become a point of discussion in the busy school courtyards.

Abdulrahman Mahmoud, a ninth-grader at the boys school that Jubran
attended, said he and his classmates talk about what they will buy
once their parents get paid again. His daily 50-cent allowance, which
is enough for candy and popsicles at the corner market, has disappeared.

"My father is trying as much as he can to make it the same, but I
know he owes a lot of money," said Mahmoud, one of six children in a
household that depends on the salary his father earns as a teacher.
"The situation will get worse as long as the world continues to
punish us for our choice."

Behind him stood Jamal Ghaith, 46, who owns a cluttered grocery store
the size of a large pantry at the village's only intersection.
Ghaith, brother of the taxi driver, said his business has fallen 70
percent in the past two months. He has extended more than $10,000 in
credit. "Two months more and most of the shops will close down,"
Ghaith said. "Me, I won't have any money to buy merchandise."

After the village's public employees were paid April 25 through
Jubran's generosity, a line formed outside his tiny store as people
arrived to pay off portions of their balances. "It helps for a
certain period of time," Ghaith said. "But everyone's priority here
when they get money is for their children, keeping them in school
supplies and food, not paying off debts to grocery stores."

At 22 May, 2006 19:58, Blogger Unknown said...

I just reviewed "The Volokh Conspiracy". My take: My comments earlier were based of some of the notable items that got the web site bad press.

Overall: Well organized. Stimulating topics. Better that I ever imagined...

At 22 May, 2006 20:10, Blogger shawn said...

4. US does not like that kind of democray

The Nazis were democratically elected, too.

It's not a fool-proof system.

At 22 May, 2006 20:41, Blogger nes718 said...

The Nazis were democratically elected, too.

It's not a fool-proof system.

You can say that again, I mean, we got Dubya and he cheated his way in.

At 22 May, 2006 20:43, Blogger Unknown said...

World Council of Churches slams Israel

At 22 May, 2006 20:45, Blogger Unknown said...

Haaretz on Israeli Settlers: How Mean Can you Be?

At 22 May, 2006 20:47, Blogger shawn said...

And you then quote Juan Cole. He's the most biased "Middle East expert" on the planet. Holy shit, bg, do you understand what a good source is?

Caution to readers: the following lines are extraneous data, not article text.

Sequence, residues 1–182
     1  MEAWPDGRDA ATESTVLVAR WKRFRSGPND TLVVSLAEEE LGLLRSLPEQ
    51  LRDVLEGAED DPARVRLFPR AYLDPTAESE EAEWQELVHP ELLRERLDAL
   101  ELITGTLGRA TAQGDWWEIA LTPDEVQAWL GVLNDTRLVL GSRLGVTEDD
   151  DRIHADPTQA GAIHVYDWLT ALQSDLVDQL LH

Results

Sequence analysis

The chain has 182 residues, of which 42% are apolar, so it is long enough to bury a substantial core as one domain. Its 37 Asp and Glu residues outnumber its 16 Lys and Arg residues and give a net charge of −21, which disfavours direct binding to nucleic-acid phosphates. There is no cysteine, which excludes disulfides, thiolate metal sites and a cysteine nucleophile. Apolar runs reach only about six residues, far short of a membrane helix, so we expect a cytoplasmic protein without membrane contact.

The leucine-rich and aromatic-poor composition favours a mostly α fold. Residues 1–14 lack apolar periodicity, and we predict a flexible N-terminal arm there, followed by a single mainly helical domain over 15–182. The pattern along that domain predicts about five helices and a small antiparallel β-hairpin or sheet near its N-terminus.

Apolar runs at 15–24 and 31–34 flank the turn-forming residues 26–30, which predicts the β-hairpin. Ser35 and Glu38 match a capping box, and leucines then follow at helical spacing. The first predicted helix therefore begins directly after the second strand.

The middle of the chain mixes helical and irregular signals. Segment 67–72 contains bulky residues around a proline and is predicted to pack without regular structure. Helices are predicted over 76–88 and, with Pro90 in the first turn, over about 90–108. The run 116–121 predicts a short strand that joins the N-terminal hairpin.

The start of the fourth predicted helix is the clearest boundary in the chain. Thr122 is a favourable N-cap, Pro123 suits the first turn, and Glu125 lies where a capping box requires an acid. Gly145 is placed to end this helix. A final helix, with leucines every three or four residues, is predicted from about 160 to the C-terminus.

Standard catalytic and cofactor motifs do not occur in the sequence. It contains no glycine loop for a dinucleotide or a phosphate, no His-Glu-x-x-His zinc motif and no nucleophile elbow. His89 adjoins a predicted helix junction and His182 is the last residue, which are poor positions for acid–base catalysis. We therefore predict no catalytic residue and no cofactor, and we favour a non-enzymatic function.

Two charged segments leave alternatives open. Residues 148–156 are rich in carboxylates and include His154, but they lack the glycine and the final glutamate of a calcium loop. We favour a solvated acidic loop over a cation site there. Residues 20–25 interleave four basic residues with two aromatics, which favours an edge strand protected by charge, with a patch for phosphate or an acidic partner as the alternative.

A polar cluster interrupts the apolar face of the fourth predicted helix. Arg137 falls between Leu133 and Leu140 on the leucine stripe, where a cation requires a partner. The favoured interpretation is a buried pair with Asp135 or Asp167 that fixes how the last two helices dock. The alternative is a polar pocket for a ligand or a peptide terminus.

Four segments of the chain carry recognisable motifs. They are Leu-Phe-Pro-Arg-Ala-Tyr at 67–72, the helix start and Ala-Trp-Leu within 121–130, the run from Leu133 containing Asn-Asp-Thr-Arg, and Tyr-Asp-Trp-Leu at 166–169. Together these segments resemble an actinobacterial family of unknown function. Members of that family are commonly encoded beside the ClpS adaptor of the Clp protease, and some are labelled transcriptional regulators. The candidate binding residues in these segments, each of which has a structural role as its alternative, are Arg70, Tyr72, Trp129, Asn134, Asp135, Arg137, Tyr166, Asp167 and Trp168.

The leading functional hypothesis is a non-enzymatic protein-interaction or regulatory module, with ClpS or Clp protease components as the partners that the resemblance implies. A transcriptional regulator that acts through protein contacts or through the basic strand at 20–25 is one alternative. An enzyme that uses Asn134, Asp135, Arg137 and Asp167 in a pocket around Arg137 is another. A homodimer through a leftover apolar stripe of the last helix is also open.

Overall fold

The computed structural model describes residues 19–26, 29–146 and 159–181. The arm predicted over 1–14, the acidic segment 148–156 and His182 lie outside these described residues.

At 22 May, 2006 20:48, Blogger shawn said...

You can say that again, I mean, we got Dubya and he cheated his way in.

Doesn't surprised me you subscribe to those conspiracy theories, too.

At 22 May, 2006 20:54, Blogger Unknown said...

They Convert in Order to Subvert

At 22 May, 2006 20:58, Blogger shawn said...

Wow, a blog post.

At 22 May, 2006 21:06, Blogger shawn said...

Do you get the feeling BG and nesnyc were rejected by Christian Identity for failing to attain minimum standards?

Ah you mentioned it before nesnyc and bg realize my "conspiracy idiot" phrase was supposed to reflect Christian Identity (both CI).

At 22 May, 2006 21:06, Blogger Unknown said...

Prime Minister Admits Israel Is Plagued With Organized Crime

At 22 May, 2006 21:10, Blogger shawn said...

I used to love Disinformation when I was a kid and latched on to every conspiracy theory, but I've come to realize it's bunk.

As to the story, so what? First off, it's a red herring. Second, America has a mafia. Italty, too.

At 22 May, 2006 21:12, Blogger Unknown said...

Alan Kellogg,

I'd rather not wear anything like that crown, but I suppose your judgement is that I'm earning the right to wear it.

Noticed in your profile you in San Diego. What a great place.

I suppose it's just asking to be called out more if I try to make small talk, but this is the first I've seen your name, and I wanted to say hello.

At 22 May, 2006 21:17, Blogger Unknown said...

Hamas, Son of Israel

At 22 May, 2006 21:21, Blogger shawn said...

I'm aware of the most of the claims that site (another overtly biased source I'm quite familiar with) makes. Unfortunately, they're not much stronger than rumor.

At 23 May, 2006 03:49, Blogger nes718 said...

Unfortunately, they're not much stronger than rumor. They have 1000x more credibility than even that propaganda rag, the New York Times. Remember, when the Times (thanks J. Miller) was telling us Iraq was ready to nuke us, Justin and the crew over at Antiwar saw through the bullshit.

At 23 May, 2006 07:05, Blogger shawn said...

Remember, when the Times (thanks J. Miller) was telling us Iraq was ready to nuke us

Excellent hyperbole. I love when people say NYT (one of the papers most critical of Bush) is a propoganda page for him.

I'd love to see some polls on how Americans view Israel.

Read actual newspapers. It was in the Globe not too long ago (in an article about the Israel lobby paper).

"Despite years of relentless media promotion, whitewash and 9/11 Commission propaganda, the official 9/11 story still can't even muster 50% popular support."

About one fourth of Americans want a new investigation That means 75 percent support the official story. Don't let facts get in your way.